The film is very simple, as a host of characters from the video game meet up on an island to have a fighting tournament. Of course there’s something a little bit more sinister going on, involving Eric Roberts as the main villain (a lovely surprise to see him here) but that’s because a movie needs a plot, whereas games don’t. In fact, why DOA is popular is because the designers of the original game worked out a way for the breasts to bounce on all the girl characters in a titillating way, and thus turned an otherwise unremarkable fighting game into something legendary. Hence the need for a beach volleyball scene, as in the game the breast bounciness was so appealing in the volleyball sub-game they made a whole volleyball game around it.
Its along these lines that I must mention that, while the girls are all very lovely, none of them have the soft, bouncy breasts of their videogame counterparts.
The fights are all great. The film is a mess in terms of focus, scope and visual styles (one character is a master cat burglar, the other like someone out of Crouching Tiger, Hidden Dragon, etc.) but the fights are all well done. Its like you’ve made a car-racing movie; the plot and the acting can be crap, but if the car races look like shit then you’ve failed on a fundamental level. So at least it has that.
One scene I want to point out is a fight between the wrestler character Tina (Jaime Pressly) and her dad Bass (Kevin Nash). It was set up by Eric Roberts to be this whole thing as a fuck you to the characters, but it ended up being fun. The daughter beats the father and he’s proud of her, and gives her a big smile and a thumbs up. She doesn’t hate him but he embarrasses her like a proud father tends to do. It’s refreshing to see that, in Hollywood populated with post-Spielberg-daddy-issues-for-all-main-characters style directors, we could have a father and child ACTUALLY come to blows and have them still love each other afterwards with no moody angst. I mean, the movie is trash but that bit made me genuinely happy. That and all the hot girls.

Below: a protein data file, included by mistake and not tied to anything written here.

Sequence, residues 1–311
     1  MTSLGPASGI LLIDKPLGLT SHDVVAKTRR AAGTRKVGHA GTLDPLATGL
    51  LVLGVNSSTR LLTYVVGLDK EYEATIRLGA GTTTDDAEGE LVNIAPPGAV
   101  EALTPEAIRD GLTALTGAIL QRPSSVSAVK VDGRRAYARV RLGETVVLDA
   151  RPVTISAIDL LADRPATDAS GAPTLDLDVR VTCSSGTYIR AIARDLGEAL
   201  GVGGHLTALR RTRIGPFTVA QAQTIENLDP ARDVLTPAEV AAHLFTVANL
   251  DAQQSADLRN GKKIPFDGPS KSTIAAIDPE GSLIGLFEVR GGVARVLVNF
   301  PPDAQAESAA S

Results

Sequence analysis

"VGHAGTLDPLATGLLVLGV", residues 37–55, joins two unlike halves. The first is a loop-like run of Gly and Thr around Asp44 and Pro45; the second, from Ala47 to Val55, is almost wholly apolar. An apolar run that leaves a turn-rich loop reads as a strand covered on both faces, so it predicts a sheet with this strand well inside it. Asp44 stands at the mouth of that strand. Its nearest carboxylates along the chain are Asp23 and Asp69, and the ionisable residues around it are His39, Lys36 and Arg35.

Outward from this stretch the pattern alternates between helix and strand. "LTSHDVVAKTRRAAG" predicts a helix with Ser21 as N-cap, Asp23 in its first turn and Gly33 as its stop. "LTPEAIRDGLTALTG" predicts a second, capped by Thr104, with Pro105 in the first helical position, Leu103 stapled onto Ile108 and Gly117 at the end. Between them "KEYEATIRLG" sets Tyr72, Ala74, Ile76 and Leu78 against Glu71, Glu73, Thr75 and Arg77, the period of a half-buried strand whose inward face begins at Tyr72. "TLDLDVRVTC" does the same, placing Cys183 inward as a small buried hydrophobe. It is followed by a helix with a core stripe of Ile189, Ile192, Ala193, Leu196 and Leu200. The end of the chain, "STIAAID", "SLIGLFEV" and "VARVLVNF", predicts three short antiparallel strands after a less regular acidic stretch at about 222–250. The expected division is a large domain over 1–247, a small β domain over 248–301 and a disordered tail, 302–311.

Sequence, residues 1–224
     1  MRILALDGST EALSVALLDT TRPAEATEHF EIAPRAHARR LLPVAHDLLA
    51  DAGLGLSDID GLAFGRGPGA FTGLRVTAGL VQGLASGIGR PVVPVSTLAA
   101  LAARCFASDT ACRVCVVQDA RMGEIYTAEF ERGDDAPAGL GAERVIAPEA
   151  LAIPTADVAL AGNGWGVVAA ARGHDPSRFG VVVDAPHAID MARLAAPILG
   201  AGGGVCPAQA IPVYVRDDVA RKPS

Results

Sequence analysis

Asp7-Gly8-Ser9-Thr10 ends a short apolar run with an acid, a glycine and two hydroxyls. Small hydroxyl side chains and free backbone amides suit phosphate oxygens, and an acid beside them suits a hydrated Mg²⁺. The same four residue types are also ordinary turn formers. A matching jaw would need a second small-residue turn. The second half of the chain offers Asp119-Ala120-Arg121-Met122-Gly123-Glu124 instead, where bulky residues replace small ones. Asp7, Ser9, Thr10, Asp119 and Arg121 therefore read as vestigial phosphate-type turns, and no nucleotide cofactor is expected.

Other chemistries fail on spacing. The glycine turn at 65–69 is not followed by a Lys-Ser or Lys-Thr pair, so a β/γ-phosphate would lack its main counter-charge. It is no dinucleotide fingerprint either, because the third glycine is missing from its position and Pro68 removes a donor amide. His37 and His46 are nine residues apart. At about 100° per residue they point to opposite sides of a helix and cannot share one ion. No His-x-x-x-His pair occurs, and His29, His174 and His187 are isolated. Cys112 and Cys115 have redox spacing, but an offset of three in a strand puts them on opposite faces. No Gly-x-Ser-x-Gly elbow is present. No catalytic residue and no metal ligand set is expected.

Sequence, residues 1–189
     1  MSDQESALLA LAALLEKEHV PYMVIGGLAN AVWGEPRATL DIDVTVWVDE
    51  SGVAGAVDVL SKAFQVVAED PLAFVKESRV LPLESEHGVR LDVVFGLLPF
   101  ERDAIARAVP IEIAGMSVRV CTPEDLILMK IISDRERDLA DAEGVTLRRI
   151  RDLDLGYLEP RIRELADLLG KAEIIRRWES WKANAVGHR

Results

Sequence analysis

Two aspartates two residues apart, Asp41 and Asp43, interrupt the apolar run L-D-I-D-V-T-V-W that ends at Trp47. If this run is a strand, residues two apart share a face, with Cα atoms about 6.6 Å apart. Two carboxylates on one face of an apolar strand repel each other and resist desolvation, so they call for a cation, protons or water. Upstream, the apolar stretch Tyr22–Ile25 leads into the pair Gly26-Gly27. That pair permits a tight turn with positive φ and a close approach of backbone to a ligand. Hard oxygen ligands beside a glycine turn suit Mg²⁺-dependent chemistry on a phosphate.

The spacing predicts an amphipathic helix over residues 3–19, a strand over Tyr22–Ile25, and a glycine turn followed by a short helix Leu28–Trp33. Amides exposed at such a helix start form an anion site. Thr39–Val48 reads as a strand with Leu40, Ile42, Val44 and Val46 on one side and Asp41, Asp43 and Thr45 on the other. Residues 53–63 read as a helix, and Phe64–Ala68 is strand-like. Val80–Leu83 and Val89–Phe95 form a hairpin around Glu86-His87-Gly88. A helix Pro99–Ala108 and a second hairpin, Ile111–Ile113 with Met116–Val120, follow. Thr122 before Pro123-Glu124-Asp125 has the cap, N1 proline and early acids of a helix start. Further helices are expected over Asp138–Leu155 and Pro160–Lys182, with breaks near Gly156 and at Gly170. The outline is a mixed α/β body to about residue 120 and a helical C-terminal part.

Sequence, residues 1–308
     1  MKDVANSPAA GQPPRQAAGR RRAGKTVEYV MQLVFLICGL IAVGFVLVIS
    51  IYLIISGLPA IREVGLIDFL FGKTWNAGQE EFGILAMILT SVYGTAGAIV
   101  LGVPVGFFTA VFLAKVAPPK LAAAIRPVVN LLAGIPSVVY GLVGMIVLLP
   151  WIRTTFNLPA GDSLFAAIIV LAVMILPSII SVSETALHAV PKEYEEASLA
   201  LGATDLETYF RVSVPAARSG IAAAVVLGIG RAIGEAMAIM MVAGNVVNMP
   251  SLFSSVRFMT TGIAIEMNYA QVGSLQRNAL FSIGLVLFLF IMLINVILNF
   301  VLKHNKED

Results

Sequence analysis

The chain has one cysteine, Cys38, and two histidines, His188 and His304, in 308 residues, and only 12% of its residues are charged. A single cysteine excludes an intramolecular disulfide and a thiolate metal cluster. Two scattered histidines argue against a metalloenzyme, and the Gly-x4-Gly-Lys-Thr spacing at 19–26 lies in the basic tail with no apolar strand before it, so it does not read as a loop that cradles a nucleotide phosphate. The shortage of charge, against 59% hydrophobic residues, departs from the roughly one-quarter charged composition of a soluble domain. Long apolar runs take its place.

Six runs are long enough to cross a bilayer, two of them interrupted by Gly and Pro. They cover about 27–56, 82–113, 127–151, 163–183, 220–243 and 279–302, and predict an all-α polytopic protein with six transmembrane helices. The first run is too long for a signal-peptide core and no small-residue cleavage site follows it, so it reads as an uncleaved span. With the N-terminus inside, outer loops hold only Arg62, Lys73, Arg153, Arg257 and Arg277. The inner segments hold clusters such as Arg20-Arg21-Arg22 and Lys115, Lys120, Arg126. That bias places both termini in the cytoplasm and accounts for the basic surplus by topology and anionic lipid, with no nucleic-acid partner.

The Hobbit: The Desolation of Smaug (Peter Jackson, 2013)
The movie looked great. And we saw it in 48 frames, which was amazing. The cast were all top notch, the action was amazing and the locations, the sense of scale, was staggering. Martin Freeman is a triumph as Bilbo, particularly in the scene where he meets Smaug and he makes the most out of every second. That’s just about it. I want to watch it again.
Faster (George Tillman Jnr, 2010)